Democrats, Republicans offer stark contrasts as House Judiciary Committee debates articles of impeachment

Members will make opening statements before a vote as early as Thursday.

"Taken together, these two articles charge President Trump, with placing his private, political interests above our national security, and above our free and fair elections, and above our ability to hold public officials accountable," Nadler said.

He ticked through the articles, and defended Democrats' timetable.

"Some ask, why not take more time?" Nadler asked.

"One indisputable truth has emerged," he continued. "If we do not respond to President Trump's abuses of power, they will continue."

He also delivered a message to Republicans:

"I know you. I have worked with many of you for years. I consider you to be good and decent public servants. I know this moment may be difficult, but you still have a choice," he said.

"One way or the other, President Trump will not be president forever," he added. "His time has passed, his grip on our politics is gone when our country returns as truly it will -- stronger ties, stronger leadership -- history will look back on our actions here today. How would you be remembered?"

Ranking Member of the House Judiciary Committee Rep. Doug Collins, R-Ga., responded with a passionate and fiery opening statement repeating many of his past criticisms, before ticking through examples of what he called "the big lie" by the Democrats.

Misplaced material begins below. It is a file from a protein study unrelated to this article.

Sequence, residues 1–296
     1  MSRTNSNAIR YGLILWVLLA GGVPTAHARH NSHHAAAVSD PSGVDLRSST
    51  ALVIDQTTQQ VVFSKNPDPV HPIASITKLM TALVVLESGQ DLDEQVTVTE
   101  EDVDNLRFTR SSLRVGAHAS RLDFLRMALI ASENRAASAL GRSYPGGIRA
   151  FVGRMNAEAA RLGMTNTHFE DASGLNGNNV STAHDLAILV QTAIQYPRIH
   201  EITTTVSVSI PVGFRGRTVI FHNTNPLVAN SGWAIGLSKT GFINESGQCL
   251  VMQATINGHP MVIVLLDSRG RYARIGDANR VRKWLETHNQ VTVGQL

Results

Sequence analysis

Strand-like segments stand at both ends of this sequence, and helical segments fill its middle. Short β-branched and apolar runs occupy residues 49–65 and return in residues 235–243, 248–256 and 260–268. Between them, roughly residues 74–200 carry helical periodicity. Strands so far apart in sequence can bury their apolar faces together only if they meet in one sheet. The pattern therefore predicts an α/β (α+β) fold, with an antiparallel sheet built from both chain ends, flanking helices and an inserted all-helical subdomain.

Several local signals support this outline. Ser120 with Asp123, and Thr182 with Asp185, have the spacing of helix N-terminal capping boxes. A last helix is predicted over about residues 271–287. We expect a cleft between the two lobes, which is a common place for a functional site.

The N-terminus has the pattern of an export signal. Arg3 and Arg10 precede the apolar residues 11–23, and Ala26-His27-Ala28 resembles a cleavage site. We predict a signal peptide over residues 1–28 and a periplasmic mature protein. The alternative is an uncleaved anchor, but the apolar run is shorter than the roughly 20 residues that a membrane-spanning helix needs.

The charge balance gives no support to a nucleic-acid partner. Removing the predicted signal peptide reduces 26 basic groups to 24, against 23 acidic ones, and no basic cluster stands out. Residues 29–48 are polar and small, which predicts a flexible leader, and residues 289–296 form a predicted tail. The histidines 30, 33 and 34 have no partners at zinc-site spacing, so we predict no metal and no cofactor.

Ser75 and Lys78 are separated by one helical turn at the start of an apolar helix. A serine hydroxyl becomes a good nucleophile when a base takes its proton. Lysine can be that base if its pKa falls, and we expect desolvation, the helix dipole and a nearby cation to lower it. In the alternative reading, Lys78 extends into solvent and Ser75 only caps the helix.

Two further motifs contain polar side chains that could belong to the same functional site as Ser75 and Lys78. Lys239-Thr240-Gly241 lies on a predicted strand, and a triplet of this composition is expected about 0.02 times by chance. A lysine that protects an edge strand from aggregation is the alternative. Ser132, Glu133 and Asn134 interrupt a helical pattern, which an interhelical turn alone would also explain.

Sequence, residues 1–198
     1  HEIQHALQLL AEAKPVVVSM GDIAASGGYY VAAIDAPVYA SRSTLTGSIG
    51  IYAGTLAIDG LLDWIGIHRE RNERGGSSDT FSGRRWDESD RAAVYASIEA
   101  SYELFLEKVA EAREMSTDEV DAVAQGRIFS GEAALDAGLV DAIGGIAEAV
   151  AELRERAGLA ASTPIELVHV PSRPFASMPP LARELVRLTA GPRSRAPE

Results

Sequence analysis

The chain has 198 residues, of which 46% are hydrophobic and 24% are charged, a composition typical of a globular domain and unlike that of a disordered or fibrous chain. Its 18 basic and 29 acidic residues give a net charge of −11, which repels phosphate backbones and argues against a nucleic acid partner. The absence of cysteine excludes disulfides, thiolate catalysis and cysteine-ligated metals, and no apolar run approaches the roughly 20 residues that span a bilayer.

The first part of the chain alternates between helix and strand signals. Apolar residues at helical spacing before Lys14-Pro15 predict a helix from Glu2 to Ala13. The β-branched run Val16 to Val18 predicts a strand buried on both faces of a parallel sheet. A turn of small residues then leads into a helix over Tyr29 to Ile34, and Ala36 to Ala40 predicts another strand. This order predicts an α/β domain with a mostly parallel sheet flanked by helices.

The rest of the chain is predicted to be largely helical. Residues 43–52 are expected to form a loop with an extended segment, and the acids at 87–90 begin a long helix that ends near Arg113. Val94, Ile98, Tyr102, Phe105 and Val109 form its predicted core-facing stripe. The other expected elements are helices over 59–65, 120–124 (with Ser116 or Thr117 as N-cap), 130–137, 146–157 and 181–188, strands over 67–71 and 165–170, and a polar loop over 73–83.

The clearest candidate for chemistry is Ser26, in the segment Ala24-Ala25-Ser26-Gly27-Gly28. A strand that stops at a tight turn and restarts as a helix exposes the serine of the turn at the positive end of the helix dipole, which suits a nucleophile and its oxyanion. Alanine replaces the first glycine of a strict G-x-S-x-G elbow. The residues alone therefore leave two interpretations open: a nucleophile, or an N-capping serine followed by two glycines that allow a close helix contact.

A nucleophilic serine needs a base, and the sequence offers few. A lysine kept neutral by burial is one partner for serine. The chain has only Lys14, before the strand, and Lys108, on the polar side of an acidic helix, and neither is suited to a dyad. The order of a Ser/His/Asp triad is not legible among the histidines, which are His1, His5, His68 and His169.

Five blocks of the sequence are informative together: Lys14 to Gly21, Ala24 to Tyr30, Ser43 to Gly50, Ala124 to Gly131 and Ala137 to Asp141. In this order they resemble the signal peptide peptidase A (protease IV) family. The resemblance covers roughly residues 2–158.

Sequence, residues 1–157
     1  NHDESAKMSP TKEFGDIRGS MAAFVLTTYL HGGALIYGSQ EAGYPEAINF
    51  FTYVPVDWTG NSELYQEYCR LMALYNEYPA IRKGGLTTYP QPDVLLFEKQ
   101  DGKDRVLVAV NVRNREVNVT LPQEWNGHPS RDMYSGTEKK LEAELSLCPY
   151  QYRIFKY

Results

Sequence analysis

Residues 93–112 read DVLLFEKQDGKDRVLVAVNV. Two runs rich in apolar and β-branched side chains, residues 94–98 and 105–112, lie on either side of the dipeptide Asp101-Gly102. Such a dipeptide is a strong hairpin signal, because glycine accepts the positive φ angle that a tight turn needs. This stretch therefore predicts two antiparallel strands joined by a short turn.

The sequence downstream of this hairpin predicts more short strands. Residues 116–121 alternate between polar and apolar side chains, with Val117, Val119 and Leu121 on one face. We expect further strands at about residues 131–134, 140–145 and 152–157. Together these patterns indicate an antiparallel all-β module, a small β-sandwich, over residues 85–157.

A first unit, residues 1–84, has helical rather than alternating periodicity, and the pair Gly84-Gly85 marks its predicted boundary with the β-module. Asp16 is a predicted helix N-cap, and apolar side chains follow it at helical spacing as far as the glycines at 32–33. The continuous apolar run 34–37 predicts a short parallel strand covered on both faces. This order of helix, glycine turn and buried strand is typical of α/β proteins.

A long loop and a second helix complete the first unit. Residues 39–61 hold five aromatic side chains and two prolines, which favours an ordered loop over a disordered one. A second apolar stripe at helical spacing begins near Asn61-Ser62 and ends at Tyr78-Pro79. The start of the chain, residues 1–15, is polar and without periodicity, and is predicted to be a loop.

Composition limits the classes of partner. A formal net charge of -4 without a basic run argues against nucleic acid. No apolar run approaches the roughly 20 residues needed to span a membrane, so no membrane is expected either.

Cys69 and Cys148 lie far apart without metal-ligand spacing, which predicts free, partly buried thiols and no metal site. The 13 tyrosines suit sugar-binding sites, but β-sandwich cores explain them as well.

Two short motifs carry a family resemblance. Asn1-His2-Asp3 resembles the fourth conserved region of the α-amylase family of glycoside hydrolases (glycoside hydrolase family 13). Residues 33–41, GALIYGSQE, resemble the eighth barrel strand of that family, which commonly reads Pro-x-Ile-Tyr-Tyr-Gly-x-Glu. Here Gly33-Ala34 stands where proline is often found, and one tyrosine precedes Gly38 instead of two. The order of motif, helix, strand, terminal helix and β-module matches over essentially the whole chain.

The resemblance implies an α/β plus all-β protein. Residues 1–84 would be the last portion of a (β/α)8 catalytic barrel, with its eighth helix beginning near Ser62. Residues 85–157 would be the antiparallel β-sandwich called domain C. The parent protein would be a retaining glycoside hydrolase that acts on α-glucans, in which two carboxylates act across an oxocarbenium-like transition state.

"What's the big lie? It’s the one Democrats have told the American people for the last three years," Collins said, defending Trump. "The big lie is that the ends justify the means. The big lie is that a sham impeachment is OK because the threat is so great. The big lie is that political expedience is honorable and justifiable. History has shown that to be untrue and dangerous."

Rep. Louie Gohmert, R-Texas, ticked through a list of fact-witnesses Republicans have requested to hear from, including the individual some Republicans have publicly alleged is the whistleblower who called attention to Trump's discussion with Ukrainian President Volodymyr Zelenskiy. He also went as far as to call this "a sad day for America."

Another Democrat, Rep. Cedric Richmond, resurrected a famous 2016 line from the president that he could "stand in the middle of Fifth Avenue and shoot somebody and I wouldn't lose voters" to say that the president is "shooting holes in our Constitution."

Richmond looked across the dais at the Republicans and asked: "If the tables were turned, do you think he would stand with you?"

Democrats generally defended the pace of their proceedings, warning that Trump continued to obstruct Congress and encouraged interference in the upcoming election.

Their urgency, some Democrats argued, was justified by his lawyer Rudy Giuliani's most recent trip to Ukraine last week.